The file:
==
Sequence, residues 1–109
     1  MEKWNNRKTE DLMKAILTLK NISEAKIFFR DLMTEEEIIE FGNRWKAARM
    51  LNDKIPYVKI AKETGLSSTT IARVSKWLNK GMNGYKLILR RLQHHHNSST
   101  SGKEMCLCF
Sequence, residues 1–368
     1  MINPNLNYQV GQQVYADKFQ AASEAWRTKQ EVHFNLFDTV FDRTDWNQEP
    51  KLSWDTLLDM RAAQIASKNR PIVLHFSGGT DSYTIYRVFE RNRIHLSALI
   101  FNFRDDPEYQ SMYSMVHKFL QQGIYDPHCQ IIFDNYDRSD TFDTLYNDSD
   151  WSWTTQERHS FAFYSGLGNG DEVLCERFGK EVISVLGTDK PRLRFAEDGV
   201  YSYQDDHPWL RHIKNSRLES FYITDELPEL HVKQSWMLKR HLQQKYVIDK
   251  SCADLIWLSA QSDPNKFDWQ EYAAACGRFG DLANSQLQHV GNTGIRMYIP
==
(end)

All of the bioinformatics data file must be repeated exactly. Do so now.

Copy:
Sequence, residues 1–109
     1  MEKWNNRKTE DLMKAILTLK NISEAKIFFR DLMTEEEIIE FGNRWKAARM
    51  LNDKIPYVKI AKETGLSSTT IARVSKWLNK GMNGYKLILR RLQHHHNSST
   101  SGKEMCLCF
Sequence, residues 1–368
     1  MINPNLNYQV GQQVYADKFQ AASEAWRTKQ EVHFNLFDTV FDRTDWNQEP
    51  KLSWDTLLDM RAAQIASKNR PIVLHFSGGT DSYTIYRVFE RNRIHLSALI
   101  FNFRDDPEYQ SMYSMVHKFL QQGIYDPHCQ IIFDNYDRSD TFDTLYNDSD
   151  WSWTTQERHS FAFYSGLGNG DEVLCERFGK EVISVLGTDK PRLRFAEDGV
   201  YSYQDDHPWL RHIKNSRLES FYITDELPEL HVKQSWMLKR HLQQKYVIDK
   251  SCADLIWLSA QSDPNKFDWQ EYAAACGRFG DLANSQLQHV GNTGIRMYIP